Date of Thesis
Masters Thesis (Bucknell Access Only)
Master of Science in Chemical Engineering
Ryan C. Snyder
monodisperse droplet evaporation, voag, spray dryer, polymorph, amorphous, dicarboxylic acid, polyvinylpyrrolidone, pvp
Producing solid particles where the size and morphology are controlled is important in many industrial processes including those in the food, cosmetics, and pharmaceutical industries. In the pharmaceutical industry specifically, the purity, size, and internal structure are very important and being able to control all three aspects in one processing step is very beneficial in creating a product. Additionally, research has shown that changing the structure of a pharmaceutical agent can increase the bioavailability of the drug making the ability to control the structure of a particle very important. The work in this thesis focuses on controlling the internal structure of particles formed by monodisperse droplet evaporation and spray drying by observing the crystal structures of the particles produced by both methods and by intentionally altering the crystal structure by the addition of a polymer in particles formed by monodisperse droplet evaporation. Observations of surface morphologies are also performed. Particles were created using a vibrating orifice aerosol generator (VOAG) and a Buchi B290 spray dryer to take advantage of the rapid evaporation achieved by both machines. Dicarboxylic acids and vanillin were chosen as solutes due to their high propensity to crystalize and the possibility to from metastable polymorphs. Experimental results show that both methods of particle formation can produce particles containing metastable polymorphs. The addition of the polymer polyvinylpyrrolidone (PVP), when added in high enough percent, will fully disrupt the crystal structure of a particle making it fully amorphous. Addition of PVP also changed the morphology of the particles in an observable way.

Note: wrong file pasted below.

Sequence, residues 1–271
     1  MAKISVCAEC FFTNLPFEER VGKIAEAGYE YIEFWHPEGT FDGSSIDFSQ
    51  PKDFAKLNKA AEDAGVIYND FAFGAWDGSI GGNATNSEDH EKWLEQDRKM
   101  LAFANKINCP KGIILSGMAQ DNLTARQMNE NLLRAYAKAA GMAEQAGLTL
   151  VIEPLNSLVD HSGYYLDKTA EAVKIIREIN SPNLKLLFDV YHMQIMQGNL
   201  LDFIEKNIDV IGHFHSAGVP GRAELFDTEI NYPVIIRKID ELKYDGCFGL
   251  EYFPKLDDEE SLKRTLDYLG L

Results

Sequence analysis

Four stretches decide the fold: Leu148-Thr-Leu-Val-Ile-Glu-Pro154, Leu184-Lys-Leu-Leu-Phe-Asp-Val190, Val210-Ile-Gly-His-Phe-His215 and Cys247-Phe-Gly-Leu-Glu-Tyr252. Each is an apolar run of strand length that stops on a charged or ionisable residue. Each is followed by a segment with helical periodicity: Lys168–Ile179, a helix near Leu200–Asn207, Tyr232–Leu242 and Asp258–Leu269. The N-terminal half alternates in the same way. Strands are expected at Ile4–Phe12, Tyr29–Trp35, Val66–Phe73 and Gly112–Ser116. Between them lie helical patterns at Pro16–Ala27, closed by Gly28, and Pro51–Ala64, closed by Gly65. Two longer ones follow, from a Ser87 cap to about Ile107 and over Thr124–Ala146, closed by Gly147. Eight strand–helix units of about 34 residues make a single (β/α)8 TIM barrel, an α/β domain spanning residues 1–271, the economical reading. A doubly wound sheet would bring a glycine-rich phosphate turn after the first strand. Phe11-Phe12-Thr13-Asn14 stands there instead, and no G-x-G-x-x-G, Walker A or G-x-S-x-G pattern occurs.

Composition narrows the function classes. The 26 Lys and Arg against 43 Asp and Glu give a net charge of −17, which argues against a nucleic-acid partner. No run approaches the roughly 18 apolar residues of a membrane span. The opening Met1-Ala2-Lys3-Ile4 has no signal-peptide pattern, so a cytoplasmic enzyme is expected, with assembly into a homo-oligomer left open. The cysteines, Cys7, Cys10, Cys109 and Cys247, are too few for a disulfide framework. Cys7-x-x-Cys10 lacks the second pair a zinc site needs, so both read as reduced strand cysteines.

Comstock, Hannah Theresa, "An Investigation of Amorphous and Unique Organic Molecular Structure Via Monodisperse Droplet Evaporation and Spray Drying" (2016). Master’s Theses. 171.